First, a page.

U.S. Trade Sanctions & Business Competitiveness - US-Global

Weyinmi Uranje
ITRN 701
George Mason University- School of Public Policy
Monday April 16th 2012
US Trade Sanctions
US Trade Sanctions
 Other countries under the OFAC Sanctions Program are:
- Somalia- (2010)-Properties and property interest of specific
individuals and entities were seized by the U.S. government.
Reason: Due to the increase in piracy, armed robbery at sea, and
the violation of the arms embargo imposed by the UN.
- Libya- (2011)- Properties, and property interests of
individuals and entities were seized by the U.S. government.
Reason: Due to the human right abuse against the people of Libya.
US Trade Sanctions
(Reasons for Economic/Trade Sanctions)
 Economic and Trade sanctions are imposed on the target countries in
order to persuade or force the target country’s government to change
its policies.
 Reason behind these sanctions
- National Security Issues- Military sensitive issues
- Nuclear, Chemical, and Biological Weapons
- Missile Technology
- Procurement of Specialized Arms
- Foreign Policy Issues
- Human Right Abuse
- Democratization
US Trade Sanctions
(Different forms of Economic/ Trade
 Economic/ Trade sanctions can be levied in different ways; by
- Limiting exports to the target country
- Limiting imports of good and services from the target country.
- They can prohibit private financial transactions between the
U.S (business & citizens), and the target country’s
businesses, and government.
- They can also restrict U.S government programs like (EXIM Bank) and (OPIC) from assisting in trade and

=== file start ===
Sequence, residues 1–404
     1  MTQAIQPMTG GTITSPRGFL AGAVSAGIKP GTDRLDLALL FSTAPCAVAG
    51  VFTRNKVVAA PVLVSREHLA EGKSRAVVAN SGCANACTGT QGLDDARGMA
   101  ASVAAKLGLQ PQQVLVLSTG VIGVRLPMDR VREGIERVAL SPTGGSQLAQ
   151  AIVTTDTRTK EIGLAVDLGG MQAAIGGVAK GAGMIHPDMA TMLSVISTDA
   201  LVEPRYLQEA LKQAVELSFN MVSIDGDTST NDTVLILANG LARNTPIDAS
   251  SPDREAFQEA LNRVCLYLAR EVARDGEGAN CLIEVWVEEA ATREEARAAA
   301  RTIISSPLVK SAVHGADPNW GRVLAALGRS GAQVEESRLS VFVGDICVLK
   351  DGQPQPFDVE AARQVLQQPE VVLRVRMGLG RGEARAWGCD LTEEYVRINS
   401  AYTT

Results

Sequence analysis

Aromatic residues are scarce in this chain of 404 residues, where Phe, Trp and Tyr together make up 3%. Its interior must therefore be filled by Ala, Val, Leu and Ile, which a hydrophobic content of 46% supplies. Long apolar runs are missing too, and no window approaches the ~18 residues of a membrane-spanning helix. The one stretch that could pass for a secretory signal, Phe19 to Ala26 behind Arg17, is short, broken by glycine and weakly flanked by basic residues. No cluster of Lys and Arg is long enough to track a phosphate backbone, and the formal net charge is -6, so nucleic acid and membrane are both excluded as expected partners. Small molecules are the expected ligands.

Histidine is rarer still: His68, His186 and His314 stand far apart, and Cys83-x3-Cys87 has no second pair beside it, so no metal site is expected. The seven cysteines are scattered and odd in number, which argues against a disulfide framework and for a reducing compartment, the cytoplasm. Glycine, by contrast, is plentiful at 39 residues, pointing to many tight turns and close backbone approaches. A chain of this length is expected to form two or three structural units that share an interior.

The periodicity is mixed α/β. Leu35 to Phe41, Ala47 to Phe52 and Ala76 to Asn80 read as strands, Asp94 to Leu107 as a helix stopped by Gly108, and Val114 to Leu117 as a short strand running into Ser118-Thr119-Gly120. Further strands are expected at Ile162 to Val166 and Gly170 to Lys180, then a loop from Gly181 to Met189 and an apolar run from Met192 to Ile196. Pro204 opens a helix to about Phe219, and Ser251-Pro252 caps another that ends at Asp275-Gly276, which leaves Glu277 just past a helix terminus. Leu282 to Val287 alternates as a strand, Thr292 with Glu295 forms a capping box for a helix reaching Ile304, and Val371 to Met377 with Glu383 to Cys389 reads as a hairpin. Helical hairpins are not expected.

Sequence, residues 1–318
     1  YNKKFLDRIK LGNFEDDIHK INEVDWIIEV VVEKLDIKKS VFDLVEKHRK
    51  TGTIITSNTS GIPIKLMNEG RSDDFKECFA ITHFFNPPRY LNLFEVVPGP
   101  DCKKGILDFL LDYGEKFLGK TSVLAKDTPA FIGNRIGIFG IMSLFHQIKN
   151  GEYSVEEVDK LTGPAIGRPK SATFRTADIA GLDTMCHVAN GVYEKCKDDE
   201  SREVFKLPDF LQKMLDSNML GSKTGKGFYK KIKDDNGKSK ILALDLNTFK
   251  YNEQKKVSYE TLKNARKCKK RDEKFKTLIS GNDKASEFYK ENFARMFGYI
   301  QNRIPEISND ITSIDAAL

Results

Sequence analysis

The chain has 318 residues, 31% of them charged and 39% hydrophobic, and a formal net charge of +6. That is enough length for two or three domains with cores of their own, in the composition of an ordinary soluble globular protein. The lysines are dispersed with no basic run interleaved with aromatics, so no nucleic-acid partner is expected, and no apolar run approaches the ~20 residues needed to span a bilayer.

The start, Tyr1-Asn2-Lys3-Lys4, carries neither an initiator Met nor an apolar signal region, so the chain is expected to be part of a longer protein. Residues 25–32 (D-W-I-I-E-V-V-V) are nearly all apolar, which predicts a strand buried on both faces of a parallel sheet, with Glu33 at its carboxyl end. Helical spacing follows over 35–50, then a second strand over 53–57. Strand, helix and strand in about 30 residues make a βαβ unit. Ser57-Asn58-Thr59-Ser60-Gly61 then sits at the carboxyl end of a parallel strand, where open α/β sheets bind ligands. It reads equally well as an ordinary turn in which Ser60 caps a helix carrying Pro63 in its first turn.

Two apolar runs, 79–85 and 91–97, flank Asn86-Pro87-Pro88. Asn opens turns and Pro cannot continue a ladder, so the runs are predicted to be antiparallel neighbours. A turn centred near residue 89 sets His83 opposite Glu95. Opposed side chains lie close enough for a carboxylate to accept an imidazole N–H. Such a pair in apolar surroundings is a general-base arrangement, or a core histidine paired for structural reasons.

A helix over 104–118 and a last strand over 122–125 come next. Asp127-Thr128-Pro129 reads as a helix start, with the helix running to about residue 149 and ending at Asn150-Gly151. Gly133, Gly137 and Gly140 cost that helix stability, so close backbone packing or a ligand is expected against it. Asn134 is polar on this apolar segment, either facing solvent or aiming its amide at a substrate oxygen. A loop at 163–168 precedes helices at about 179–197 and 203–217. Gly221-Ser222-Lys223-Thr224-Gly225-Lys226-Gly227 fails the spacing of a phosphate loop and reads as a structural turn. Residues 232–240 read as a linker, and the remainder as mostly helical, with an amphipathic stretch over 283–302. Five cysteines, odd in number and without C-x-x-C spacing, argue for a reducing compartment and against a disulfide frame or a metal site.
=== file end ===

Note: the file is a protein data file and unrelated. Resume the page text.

investment with the target country.
Source: The Heritage Foundation “ A Users Guide to Economic Sanctions”.
US Trade Sanctions and It’s effect
on US Businesses
Focus: Cuba and Iran
US Trade Sanctions on CUBA
US Trade Sanctions on CUBA
(Cuba’s Economic and Trade Background)
 Cuba- located between the Caribbean Island and the Bahamas.
Approximately 150km from Florida.
 GDP(PPP) (2010)- $114,100 billion. Ranked 68th in the world.
 Exports: Sugar, Nickel, Tobacco, Fish, Medical products,
coffee and Citrus
 Export Partners: China 25.5%, Canada 23.3%, Venezuela
10%, Spain 5.6%
 Imports: Petroleum, Food, Machinery, Equipment, and
 Import Partners: Venezuela 35.2%, China 11.7%, Spain 8.5%
Brazil 4.6% Canada 4.2%, U.S. 4.1% (Agriculture).
 US – Cuba Relationship - Poor to Non-existent.
U.S Trade Sanctions on CUBA
 The U.S. placed a trade embargo on Cuba in 1961, which
eventually turned into a comprehensive unilateral economic,
trade, and financial sanction.
 Reasons behind this sanction:
- Castro seized all American properties and industries in Cuba.
- A move from communism towards the democratization of
 Freedom of speech and press
 Freedom of religion
 Freedom of political affiliation
U.S Trade Sanctions on CUBA
Over the past 50 years, the U.S. as extended, adjusted and added to the regulations of the Cuban sanction.
Trading With the Enemy Act of 1917, section 5(b);
Foreign Assistance Act of 1961, section 620(a);
Cuba Assets Control Regulations of 1963;
Cuban Democracy Act of 1992, also known as the Torricelli Act;
Cuban Liberty and Democratic Solidarity (Libertad) Act of 1996, (Helms-Burton Act);
The Trade Sanctions Reform and Export Enhancement Act of 2000.
U.S. Trade Sanction on Cuba
(Effect on US Businesses)
 Tourism: Cuba’s biggest source of income.
 Tourism brings in 2.7 billion into Cuba primarily from Canada and the European Union.
 20,000 Cuban-American now travel every month since the removal of the ban in April 2009.
(Note: Only Cuban- Americans can travel to Cuba).
American businesses in the travel and tourism market could gain tremendously, if the embargo was completely